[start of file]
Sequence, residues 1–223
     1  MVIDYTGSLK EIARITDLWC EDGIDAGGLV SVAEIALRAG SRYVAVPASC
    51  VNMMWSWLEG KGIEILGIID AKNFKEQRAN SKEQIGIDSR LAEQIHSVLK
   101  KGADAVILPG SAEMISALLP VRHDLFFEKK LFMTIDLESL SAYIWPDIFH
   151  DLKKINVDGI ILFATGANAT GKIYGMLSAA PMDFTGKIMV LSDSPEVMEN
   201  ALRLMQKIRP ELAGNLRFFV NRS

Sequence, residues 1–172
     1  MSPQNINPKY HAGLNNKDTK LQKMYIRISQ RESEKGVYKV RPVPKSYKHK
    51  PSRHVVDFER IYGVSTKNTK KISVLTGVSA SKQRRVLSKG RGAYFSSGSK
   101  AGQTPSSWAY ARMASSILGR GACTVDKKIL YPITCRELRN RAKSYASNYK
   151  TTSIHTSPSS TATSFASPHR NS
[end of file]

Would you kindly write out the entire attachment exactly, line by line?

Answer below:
Sequence, residues 1–223
     1  MVIDYTGSLK EIARITDLWC EDGIDAGGLV SVAEIALRAG SRYVAVPASC
    51  VNMMWSWLEG KGIEILGIID AKNFKEQRAN SKEQIGIDSR LAEQIHSVLK
   101  KGADAVILPG SAEMISALLP VRHDLFFEKK LFMTIDLESL SAYIWPDIFH
   151  DLKKINVDGI ILFATGANAT GKIYGMLSAA PMDFTGKIMV LSDSPEVMEN
   201  ALRLMQKIRP ELAGNLRFFV NRS

Sequence, residues 1–172
     1  MSPQNINPKY HAGLNNKDTK LQKMYIRISQ RESEKGVYKV RPVPKSYKHK
    51  PSRHVVDFER IYGVSTKNTK KISVLTGVSA SKQRRVLSKG RGAYFSSGSK
   101  AGQTPSSWAY ARMASSILGR GACTVDKKIL YPITCRELRN RAKSYASNYK
   151  TTSIHTSPSS TATSFASPHR NS